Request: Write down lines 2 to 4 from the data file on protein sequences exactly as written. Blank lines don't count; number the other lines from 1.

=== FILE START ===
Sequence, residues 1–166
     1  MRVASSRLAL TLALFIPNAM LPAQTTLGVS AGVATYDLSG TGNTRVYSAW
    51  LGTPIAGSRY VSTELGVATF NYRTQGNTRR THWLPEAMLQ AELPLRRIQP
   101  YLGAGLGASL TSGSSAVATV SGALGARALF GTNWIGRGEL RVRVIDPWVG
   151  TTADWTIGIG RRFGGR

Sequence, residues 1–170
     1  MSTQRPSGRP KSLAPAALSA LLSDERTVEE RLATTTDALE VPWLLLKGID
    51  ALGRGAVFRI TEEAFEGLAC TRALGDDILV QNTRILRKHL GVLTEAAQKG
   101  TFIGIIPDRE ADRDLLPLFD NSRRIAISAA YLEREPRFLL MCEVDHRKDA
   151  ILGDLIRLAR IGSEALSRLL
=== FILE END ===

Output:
     1  MRVASSRLAL TLALFIPNAM LPAQTTLGVS AGVATYDLSG TGNTRVYSAW
    51  LGTPIAGSRY VSTELGVATF NYRTQGNTRR THWLPEAMLQ AELPLRRIQP
   101  YLGAGLGASL TSGSSAVATV SGALGARALF GTNWIGRGEL RVRVIDPWVG